Review: Rachel Covey Does It All In ONE WRONG TURN: THE MUSIC OF RACHEL COVEY at 54 Below

New or not-so-new, Rachel Covey is one to watch.

By: May. 03, 2023
Review: Rachel Covey Does It All In ONE WRONG TURN: THE MUSIC OF RACHEL COVEY at 54 Below
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If you've read my previous reviews, you know how much I love original musicals. I think that young creatives who can fathom as-of-yet unexplored worlds, and characters with perspectives and life experiences that are different from their own, will save the world of theater from itself. As we see the mainstem continue to be inundated with revivals created by dead white men and adaptations of established brands designed to rake in cash, hand over fist, it is worthwhile - nay, it is our duty - to seek out these special young people who are still determined to alter this landscape with their fresh eyes. I love sharing these people with you, and currently have the pleasure of making another introduction. On April 21st at 54 Below at One Wrong Turn: The Music of Rachel Covey, another such artist shared a work with the world

No one could call Rachel Covey green. Her work has been performed internationally, and developed at big name venues across the country, including The Tank, the New York Musical Festival, the Library at The Public Theater, Tuacahn Theatre's New Works Festival, Emerging Artists Theatre's New Work Series, Common Ground Theatre Company, and The Chicago Dramatists Guild. She's been writing since high school, and, even at the age of 24, she has the unique hallmark of being able to write across ages and experiences, creating a delightfully broad range of characters and stories with populations that feel authentically grounded in the real world. In One Wrong Turn, for example, we met a researcher on ethically unstable ground, a father struggling with a GPS while driving his child to college for the first time, and a young woman lost in Paris. As the kids might put it: she has the range, darling.

With an all-star cast of performers including David Baida, Sarah Dacey Charles, Hannah Hakim, Claire Kwon, and Stefan Schallack, and supported by music director Jeremy Jacobs, director Jess Slaught and producer Vaibu Mohan, Rachel offered up pieces from different full-length works in progress and several standalone pieces, some of which were worked on with collaborators in different programs. The two full-length works in progress that we heard selections from both had delightfully original concepts which should have any producer salivating. Noise is the story of four lives intertwining as a researcher conducts a medical study on a college campus with disastrous effects. With highly intelligent story-driven lyrics and arrangements that had the audience enraptured, it's easy to see this being the next indie darling. On the other side of the new MT spectrum, Where We Are is a song cycle with each song inspired by a found map curated by the Hand Drawn Map Association. Blending quirk and endearing sincerity, every piece felt perfectly complete on its own, but when accompanied by an image of the corresponding map up on the monitor, it took on new layers where we could see both the humanness in the act of creating these maps and Rachel's gifted sense of exposition.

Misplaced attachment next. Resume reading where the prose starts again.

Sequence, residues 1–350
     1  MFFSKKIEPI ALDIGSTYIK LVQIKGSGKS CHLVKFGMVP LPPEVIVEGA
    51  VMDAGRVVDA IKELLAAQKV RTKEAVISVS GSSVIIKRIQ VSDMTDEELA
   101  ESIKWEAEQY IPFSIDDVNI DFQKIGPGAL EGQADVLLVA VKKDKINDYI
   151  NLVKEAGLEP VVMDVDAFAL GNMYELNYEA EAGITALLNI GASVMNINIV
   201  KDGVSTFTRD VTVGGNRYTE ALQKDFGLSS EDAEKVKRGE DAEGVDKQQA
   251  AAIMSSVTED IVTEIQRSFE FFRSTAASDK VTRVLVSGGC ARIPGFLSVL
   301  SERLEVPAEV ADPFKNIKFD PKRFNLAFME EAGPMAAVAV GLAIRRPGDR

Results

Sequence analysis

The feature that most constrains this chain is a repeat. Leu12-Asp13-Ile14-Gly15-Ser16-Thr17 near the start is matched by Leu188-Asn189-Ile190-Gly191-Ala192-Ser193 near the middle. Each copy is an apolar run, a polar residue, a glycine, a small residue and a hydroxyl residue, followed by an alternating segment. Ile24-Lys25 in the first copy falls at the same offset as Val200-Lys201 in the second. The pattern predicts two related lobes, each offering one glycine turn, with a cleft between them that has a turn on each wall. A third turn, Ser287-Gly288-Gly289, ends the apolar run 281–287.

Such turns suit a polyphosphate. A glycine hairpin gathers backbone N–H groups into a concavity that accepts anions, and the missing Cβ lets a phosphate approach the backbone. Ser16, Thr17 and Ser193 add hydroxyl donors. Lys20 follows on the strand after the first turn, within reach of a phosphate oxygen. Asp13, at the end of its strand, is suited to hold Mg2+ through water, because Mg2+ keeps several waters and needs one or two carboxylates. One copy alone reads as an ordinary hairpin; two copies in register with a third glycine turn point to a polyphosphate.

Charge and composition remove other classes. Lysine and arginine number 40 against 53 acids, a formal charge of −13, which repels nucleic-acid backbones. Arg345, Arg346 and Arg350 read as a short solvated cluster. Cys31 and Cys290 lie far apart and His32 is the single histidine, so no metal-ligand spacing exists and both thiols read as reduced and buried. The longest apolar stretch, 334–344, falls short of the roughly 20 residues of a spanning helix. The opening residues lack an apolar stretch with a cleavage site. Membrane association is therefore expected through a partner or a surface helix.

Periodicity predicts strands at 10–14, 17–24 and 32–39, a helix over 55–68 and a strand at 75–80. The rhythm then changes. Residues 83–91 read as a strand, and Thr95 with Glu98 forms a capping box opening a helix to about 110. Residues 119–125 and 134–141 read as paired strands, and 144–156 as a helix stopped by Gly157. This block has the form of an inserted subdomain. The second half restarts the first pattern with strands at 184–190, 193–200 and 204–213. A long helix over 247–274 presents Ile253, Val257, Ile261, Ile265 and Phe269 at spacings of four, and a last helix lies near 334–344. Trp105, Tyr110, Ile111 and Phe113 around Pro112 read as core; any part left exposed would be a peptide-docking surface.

I could probably write a paragraph about each individual number, but in the spirit of Rachel's immaculate editing, I will edit myself down to the essentials. Rachel picked incredible performers that clearly understand the heart of her work. Claire Kwon, for example, had three solo opportunities with "Spontanée," and "One Wrong Turn," both from Where We Are, and "Cheeto," a collaboration with composer Erin Hoerchler. Confidently navigating swift transitions between broad comedy and quiet earnestness and radiating sheer joy throughout, Claire makes everything look easy. Being given songs (like "Cheeto," for example, where a young woman is using her small dog as an excuse for not inviting a date home) that are written by someone with as clear a sense of voice and musicality as Rachel, is an absolute blessing for any performer. "Cheeto" is definitely coming soon to a college showcase near you. "Bartholomew" and "Standing On The Edge" betrayed Sarah Dacey Charles' depth of experience, as her nuanced performances played beautifully with Rachel's ability to create characters with almost twice as much life experience as herself. David Baida, Stefan Schallack, and Hannah Hakim all produced beautifully multifaceted characters, feeling as much in line with the spirit of Rachel as Rachel herself.

Rachel Covey (or Rae, as she's known to her friends) is ready to go. She's done the workshops, she's won awards, she's edited, she's ready to take the next step. Though young, she will hold her own against any composer/lyricist working professionally today. Her music is exciting and you want nothing more than to hear what she does next. She's writing from a place of innovation and love; she's pushing forth an industry that always needs new creations and doing so because theater runs through her blood. Rachel is doing exactly what she is meant to be doing with her life.

Check out what Rachel is doing next HERE.

Get tickets to more shows at 54 Below HERE.


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